Western Center Position: YES

Western Center supported this bill when it went through the Legislature because current law disenfranchises people from exercising the fundamental right to vote. As we know from our work, the history of racism in our country has led to over-policing of communities of color. Thus, this law disproportionally impacts Black and Brown communities and dilutes their voting power.


PROPOSITION 18: Right to register to vote at age 17

As it currently stands, a person can register to vote in California if they’re a U.S. citizen at least 18 years old and a resident of the state. Registered voters can also run for elective office as long as they meet all other eligibility requirements. A person can pre-register to vote when they are either 16 or 17 years old. When a person pre-registers, they are automatically registered to vote when they turn 18. If passed, Prop 18 would allow eligible 17-year-olds who will be 18 by the next November general election to vote. Those 17-year-olds could vote in any special election or primary election before the next general election. The measure also means that 17-year-olds who turn 18 by the next general election could run for office if they meet all other eligibility requirements.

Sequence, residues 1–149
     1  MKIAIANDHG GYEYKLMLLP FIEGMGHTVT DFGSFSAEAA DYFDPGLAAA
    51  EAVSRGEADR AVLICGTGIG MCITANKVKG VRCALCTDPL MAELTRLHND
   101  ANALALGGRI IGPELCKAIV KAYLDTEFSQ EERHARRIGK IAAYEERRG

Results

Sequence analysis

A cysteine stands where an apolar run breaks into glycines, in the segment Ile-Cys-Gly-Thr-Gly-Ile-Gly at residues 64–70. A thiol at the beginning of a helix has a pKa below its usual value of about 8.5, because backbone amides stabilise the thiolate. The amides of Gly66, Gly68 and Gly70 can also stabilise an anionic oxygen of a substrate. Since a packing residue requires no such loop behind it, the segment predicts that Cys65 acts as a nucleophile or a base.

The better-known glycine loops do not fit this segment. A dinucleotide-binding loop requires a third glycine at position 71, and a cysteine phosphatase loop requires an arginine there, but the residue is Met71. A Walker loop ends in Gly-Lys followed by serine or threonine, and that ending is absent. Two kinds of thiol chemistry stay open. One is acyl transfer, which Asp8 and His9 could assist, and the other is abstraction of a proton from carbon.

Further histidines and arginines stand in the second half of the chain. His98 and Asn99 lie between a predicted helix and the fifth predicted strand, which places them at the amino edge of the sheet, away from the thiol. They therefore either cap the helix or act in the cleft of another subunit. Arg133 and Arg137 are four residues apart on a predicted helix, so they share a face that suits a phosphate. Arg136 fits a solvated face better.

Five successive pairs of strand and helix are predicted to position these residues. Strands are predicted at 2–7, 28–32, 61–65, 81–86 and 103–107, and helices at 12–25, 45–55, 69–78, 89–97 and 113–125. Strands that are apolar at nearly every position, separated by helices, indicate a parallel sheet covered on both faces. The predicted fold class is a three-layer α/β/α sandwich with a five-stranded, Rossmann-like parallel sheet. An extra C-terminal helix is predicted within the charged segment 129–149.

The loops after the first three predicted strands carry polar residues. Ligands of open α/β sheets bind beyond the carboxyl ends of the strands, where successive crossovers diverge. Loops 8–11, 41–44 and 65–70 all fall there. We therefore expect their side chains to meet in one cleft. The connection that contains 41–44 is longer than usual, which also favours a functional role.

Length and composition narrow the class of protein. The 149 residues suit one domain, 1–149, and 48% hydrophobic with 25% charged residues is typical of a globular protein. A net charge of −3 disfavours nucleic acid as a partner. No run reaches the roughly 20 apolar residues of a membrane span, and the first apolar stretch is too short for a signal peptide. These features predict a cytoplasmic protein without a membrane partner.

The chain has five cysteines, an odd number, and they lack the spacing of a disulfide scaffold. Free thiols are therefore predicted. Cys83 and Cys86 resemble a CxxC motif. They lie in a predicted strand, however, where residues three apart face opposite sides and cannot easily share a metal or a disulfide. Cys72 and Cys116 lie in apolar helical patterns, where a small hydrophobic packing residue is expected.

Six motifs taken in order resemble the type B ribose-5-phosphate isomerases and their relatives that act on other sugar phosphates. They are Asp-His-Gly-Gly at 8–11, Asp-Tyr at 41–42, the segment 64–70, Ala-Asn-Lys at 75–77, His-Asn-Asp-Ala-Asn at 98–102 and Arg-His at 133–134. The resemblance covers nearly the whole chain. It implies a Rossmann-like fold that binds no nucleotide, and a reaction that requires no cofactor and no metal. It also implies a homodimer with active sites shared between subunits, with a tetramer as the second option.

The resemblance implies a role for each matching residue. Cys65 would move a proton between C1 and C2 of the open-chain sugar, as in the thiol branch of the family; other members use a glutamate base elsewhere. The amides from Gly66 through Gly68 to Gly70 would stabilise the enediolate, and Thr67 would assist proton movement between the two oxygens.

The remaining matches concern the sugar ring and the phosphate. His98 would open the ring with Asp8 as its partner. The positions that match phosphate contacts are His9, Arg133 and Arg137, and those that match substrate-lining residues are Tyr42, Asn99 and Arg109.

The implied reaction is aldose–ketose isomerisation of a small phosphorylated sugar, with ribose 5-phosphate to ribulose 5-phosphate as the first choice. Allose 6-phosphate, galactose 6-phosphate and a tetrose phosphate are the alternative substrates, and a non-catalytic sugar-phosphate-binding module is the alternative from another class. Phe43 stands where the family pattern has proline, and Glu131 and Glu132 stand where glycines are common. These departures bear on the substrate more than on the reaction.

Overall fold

Western Center Position: YES

People decide who will be on the November ballot in primaries earlier in the year. People old enough to vote in November should have the opportunity to make that initial choice for the November ballot in the primaries, even if they’re still 17. There are also studies that show that pro-voting initiatives like this encourage greater voter participation among young people, which is crucial for engaging younger generations into the political process.


PROPOSITION 19: Change in Property Tax Rule